The Horse that Lost its Liberty

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Allaert van Everdingen’s etching of the horse submitting to the bridle, National Gallery of Art, Washington DC

The fable of how the horse lost its liberty in the course of settling a petty conflict exists in two versions involving either a stag or a boar and is numbered 269 in the Perry Index.[1] When the story is told in a political context, it warns against seeking a remedy that leaves one worse off than before. Where economic circumstances are involved, it teaches that independence is always better than compromised plenty.

The horse, the hunter and the stag[edit]

A horse disputes ownership of a meadow with a stag but cannot drive it off by force. It therefore calls in the aid of a man, who bridles the horse and rides on its back. But then, seeing how useful the horse is to him, he refuses to unbridle it afterwards. The story is related as an example of telling a fable in Aristotle’s work on rhetoric [2] and is there ascribed to the poet Stesichorus. The fable was also told by the Roman poet Horace, widening its significance as an example of how one should be content with little rather than losing personal liberty in quest of more.[3]

William Caxton included the story in his collection of The Fables of Aesop (1484) under the title “Of the hors, of the hunter and of the hert”[4] as teaching the moral given by Aristotle that None ought to put hym self in subiection for to auenge hym on other. Samuel Croxall cites Horace’s conclusion that one should never yield one’s liberty to another for reasons of avarice.[5] The fable was told as “The horse seeking vengeance on the stag (Le cheval s'étant voulu venger du cerf) in La Fontaine's Fables[6] and ends on the reflection that without personal liberty all other purchases are valueless:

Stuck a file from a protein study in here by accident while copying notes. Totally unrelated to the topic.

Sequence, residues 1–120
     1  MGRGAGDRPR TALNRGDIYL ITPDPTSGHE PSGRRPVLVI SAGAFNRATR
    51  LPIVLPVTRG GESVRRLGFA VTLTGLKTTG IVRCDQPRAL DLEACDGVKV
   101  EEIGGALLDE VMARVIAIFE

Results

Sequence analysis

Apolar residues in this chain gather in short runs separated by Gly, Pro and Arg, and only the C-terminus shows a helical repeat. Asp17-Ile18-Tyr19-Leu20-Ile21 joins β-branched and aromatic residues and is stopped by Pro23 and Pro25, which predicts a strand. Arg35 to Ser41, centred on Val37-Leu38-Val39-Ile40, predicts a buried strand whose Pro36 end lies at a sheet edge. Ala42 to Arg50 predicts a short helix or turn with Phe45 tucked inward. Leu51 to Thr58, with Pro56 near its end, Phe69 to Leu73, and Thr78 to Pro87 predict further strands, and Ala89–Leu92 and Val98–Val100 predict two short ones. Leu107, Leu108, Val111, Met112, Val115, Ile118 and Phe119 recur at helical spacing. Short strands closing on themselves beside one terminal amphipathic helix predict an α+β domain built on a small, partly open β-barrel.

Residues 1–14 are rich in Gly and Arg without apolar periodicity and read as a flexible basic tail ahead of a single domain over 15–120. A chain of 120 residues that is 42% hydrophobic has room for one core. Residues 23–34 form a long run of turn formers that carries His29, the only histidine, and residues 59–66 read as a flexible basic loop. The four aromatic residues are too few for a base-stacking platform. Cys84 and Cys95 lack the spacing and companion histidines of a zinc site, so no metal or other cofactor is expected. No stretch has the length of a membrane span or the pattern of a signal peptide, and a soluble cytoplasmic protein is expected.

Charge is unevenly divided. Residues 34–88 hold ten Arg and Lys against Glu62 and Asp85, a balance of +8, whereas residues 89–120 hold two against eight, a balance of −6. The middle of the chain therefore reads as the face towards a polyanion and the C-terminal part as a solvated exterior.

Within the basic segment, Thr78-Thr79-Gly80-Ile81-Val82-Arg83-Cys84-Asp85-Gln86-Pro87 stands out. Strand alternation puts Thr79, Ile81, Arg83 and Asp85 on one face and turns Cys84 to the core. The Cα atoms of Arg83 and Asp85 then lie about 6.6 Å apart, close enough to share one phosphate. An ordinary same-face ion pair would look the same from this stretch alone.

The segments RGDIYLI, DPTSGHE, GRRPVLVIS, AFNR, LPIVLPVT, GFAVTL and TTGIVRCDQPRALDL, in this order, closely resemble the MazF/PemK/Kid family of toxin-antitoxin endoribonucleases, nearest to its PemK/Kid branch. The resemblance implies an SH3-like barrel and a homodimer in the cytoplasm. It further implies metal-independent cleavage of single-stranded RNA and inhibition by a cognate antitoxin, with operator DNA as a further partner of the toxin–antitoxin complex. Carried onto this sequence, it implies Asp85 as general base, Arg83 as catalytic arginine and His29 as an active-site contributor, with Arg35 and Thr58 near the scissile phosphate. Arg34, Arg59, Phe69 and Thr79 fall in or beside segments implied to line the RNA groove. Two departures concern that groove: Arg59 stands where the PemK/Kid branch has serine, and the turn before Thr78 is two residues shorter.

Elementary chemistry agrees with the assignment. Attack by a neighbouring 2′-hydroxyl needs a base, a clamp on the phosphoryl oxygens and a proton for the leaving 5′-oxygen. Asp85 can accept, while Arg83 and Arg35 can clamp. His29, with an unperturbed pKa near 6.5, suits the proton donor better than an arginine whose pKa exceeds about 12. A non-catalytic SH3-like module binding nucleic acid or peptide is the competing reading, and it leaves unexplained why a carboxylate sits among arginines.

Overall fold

(C'est l'acheter trop cher, que l'acheter d'un bien
Sans qui les autres ne sont rien).

The horse and the boar[edit]

The alternative version of the fable concerns a boar that muddies the horse’s watering hole or else flattens his pasture. Seeking vengeance, the horse requests a man to hunt down the boar. In the end the man reflects that he has not only gained a prey but a slave as well. This was related by Phaedrus and concludes that those with quick tempers ought not to put themselves in the power of another.[7] The story would be appreciated by Phaedrus who, like Aesop too, was once a slave himself. Roger L'Estrange told both the boar version[8] and the stag version[9] as illustrating the need to be careful that the remedy is not worse than the original offence.

There is a possible West Asian source for the story of losing one’s independence in quest of a better life, which was the context of Horace’s interpretation. This is in a fragmentary proverbial saying in the 6th century BCE Aramaic version of the story of Ahiqar in which an onager (wild ass) stoutly rejects the suggestion that it should be bridled. “A man one day said to the onager, Let me ride upon thee, and I will maintain thee. Said the wild ass, Keep thy maintenance and thy fodder and let me not see thy riding."[10]


  1. ^ Aesopica
  2. ^ The Art of Rhetoric, Book II, ch.21
  3. ^ Horace, Epistles 1.10, 34ff , Christopher Smart, The Works of Horace Translated into Verse, London 1767 Volume 4, p.81
  4. ^ Aesopica
  5. ^ Fable 34
  6. ^ IV.13
  7. ^ IV.4
  8. ^ Fable 56
  9. ^ Fable 57
  10. ^ Old Testament Pseudepigrapha, Hendrickson 2010, J.M. Lindenberger’s note, Vol.2, p.507